- Albert Einstein
Although it is good that everything doesn't happen at once, it is also good, when planning the future, to be able to see everything at once. One of the current trends in user interfaces is the movement away from a page-based approach to a more fluent and spatial approach. The JavaFX application that I'd like to demonstrate for you today uses the latter approach to enable users to take full control of their calendars. Because this application uses JavaFX, it can utilize the Java version of the Google Calendar Data API directly in order to retrieve and update items in the calendar.
As shown in the screen shot above, the calendar is displayed as a rectangular cuboid with each layer on the Z axis containing a month. Each month layer contains a 7 x 5 matrix of cubes, most of which represent the days in that month. Dragging the mouse on the face of the calendar cuboid causes it to rotate in the direction of the mouse drag, bringing the desired face of the cuboid into view. For example, the screen shot below shows the left and top faces of the cuboid, which contain all of the Sundays in the year, and all of the first partial weeks in the year, respectively:
As shown below, by using the mouse wheel the user can remove rows, columns, and layers from the calendar, quickly exposing the desired day cubes:
Clicking a day cube, and performing another gesture (currently pressing the W key), shows a block of cubes for the desired week:
Similarly, performing the show selected month gesture (currently pressing the M key), shows a block of cubes for the desired month:
Clicking on an event, as shown above, displays a dialog box in which the user can edit the details of the event and choose the Save or Cancel buttons. Finally, double-clicking a day cube (in this case April 22 which is Earth Day and the day that JavaFX 1.3 was released) causes that cube to move closer to the user:
A Brief Video Demonstration of CalendarCubeFX
Some JavaFX 1.3 SDK features used in CalendarCubeFX
I'm going to expound on the JavaFX code used to create the CalendarCubeFX example in an upcoming article, but wanted to briefly point out some of the 3D-related features in the JavaFX 1.3 SDK API:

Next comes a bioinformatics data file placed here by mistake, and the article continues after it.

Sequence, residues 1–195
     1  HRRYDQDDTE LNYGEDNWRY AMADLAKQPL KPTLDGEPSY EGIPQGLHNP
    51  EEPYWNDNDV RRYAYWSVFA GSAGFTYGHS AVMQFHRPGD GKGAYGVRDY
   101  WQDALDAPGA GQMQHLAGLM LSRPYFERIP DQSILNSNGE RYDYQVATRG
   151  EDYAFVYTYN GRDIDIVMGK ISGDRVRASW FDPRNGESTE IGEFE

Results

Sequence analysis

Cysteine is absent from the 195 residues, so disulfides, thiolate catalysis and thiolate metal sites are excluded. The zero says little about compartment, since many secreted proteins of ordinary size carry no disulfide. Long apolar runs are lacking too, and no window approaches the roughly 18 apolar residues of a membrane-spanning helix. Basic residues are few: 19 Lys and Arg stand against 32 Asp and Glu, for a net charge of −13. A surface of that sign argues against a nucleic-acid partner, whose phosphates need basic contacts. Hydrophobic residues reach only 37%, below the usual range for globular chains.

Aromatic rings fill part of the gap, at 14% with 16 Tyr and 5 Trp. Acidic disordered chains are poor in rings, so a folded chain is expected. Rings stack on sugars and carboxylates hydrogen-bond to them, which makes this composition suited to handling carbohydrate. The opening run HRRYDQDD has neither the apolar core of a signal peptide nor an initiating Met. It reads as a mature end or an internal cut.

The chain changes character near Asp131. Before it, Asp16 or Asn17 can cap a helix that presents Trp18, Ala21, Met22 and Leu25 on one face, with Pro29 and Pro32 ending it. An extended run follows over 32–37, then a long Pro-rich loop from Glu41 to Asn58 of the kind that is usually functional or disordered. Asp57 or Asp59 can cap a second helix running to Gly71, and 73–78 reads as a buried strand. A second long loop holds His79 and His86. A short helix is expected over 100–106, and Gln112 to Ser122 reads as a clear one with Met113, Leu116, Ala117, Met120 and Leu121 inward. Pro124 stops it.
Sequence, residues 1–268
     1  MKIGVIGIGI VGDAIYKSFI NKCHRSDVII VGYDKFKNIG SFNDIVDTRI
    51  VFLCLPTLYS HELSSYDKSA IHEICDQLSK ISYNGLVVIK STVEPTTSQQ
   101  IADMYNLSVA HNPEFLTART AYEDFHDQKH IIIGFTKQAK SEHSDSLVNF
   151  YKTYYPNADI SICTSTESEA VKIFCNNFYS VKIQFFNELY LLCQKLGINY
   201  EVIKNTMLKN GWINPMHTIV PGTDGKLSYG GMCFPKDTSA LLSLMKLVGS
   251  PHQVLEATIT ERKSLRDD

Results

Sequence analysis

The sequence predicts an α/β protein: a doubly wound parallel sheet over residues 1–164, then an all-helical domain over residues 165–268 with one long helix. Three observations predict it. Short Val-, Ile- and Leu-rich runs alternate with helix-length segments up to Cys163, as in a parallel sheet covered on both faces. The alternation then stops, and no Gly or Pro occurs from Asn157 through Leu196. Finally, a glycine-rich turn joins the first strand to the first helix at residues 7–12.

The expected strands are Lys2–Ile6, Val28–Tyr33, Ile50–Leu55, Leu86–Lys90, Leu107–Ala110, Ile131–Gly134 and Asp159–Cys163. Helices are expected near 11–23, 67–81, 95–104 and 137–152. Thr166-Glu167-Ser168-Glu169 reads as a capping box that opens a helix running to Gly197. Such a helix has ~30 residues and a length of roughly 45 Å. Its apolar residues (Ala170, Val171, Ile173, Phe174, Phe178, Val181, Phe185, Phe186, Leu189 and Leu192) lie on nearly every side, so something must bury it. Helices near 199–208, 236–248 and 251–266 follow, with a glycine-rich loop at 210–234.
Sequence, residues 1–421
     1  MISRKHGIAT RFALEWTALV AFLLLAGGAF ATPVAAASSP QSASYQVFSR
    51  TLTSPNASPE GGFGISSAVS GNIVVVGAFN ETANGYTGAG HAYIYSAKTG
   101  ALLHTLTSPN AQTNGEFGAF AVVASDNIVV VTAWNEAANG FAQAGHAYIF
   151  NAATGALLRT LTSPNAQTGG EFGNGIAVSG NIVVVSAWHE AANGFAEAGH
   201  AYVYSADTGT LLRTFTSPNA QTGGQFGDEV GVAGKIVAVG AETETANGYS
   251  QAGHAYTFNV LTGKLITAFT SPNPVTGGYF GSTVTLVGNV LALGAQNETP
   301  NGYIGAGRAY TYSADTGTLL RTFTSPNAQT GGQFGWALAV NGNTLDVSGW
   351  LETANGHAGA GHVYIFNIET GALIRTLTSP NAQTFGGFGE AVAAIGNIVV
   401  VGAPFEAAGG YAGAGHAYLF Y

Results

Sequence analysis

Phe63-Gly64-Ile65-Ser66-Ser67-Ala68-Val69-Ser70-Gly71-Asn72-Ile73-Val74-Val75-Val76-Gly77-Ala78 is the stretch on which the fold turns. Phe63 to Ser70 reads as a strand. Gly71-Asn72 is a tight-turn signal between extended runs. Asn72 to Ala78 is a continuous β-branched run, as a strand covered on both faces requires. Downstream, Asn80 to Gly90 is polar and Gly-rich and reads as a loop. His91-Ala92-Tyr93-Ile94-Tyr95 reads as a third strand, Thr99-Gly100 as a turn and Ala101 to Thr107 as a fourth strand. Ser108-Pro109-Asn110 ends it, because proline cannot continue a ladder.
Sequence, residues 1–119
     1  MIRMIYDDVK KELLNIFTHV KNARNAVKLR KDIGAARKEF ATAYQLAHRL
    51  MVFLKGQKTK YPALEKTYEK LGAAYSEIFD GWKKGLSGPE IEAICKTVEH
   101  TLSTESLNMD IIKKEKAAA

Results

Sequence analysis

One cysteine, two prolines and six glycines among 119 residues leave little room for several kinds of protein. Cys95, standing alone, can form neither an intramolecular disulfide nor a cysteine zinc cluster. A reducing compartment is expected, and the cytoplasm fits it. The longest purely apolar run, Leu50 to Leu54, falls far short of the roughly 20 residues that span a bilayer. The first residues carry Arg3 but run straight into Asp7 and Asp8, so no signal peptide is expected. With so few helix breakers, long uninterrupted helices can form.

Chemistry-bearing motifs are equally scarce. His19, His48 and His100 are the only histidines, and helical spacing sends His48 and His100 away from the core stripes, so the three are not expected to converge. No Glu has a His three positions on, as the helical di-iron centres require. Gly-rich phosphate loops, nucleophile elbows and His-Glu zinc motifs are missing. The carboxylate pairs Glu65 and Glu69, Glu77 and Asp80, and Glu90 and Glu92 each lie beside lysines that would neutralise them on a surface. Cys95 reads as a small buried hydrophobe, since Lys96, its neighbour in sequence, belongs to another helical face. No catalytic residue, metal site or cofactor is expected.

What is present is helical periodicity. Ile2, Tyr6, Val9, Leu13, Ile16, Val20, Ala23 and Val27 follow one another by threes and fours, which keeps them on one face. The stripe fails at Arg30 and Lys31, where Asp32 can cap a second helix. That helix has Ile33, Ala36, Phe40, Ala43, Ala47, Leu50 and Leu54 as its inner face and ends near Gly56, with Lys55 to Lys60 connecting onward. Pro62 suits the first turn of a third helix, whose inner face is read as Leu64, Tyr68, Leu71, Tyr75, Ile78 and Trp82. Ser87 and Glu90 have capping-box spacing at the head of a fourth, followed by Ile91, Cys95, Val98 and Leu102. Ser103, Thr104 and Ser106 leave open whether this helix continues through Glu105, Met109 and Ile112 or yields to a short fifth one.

- There is a new package, named javafx.runtime, which contains classes that allow an application to query the capabilities of the platform. One of these capabilities is represented by the SCENE3D constant of the ConditionalFeature class.
- The Point3D class in the javafx.geometry package represents a point in 3D space, with variables named x, y and z.
- The Node class contains scaleZ and translateZ variables, for scaling and translating (moving) a node on the Z axis.
- The Node class contains a rotationAxis variable, which defines the rotation axis (X, Y or Z) on which a node will rotate at the angle specified in that node's rotate variable.
- The Rotate and Scale classes contained in the javafx.scene.transform package have instance variables named pivotX, pivotY and pivotZ that define a rotation pivot point.
- The RotationTransition, ScaleTransition, and TranslateTransition classes accept a three dimensional axis.
- The PerspectiveCamera class, located in the javafx.scene package, defines a viewing volume (which is shaped like a truncated right pyramid) for a perspective projection. Its fieldOfView variable specifies the vertical angle of the camera's projection.
What Else is New in JavaFX 1.3?
To read about more of the new features in JavaFX 1.3, check out Stephen Chin's Top Ten List. Of course, check out java.sun.com and javafx.com as well. Thanks, by the way, to Dean Iverson for using the new CSS features in JavaFX 1.3 to style the Edit Event Details dialog box shown in the month view screen shot above.
RIA Exemplar Challenge Deadline is May 22, 2010
The clock is now ticking for the RIA Exemplar Challenge deadline, so mark May 22, 2010 on your calendar! Now that the JavaFX 1.3 SDK is available, please feel free to use the 3D features in your entry if your development platform supports the SCENE3D conditional feature. To enable this conditional feature on my development platform, I used the following JVM argument: -Xtoolkit prism
I plan to continue developing CalendarCubeFX as an example entry for the RIA Exemplar Challenge. After the Challenge is over, I plan to donate it to the JFXtras open source project. For example, the functionality contained in the Cuboid UI control shown above could be used for interacting with any sort of multidimensional data.
Regards, and congratulations/thanks to the JavaFX team for the 1.3 release!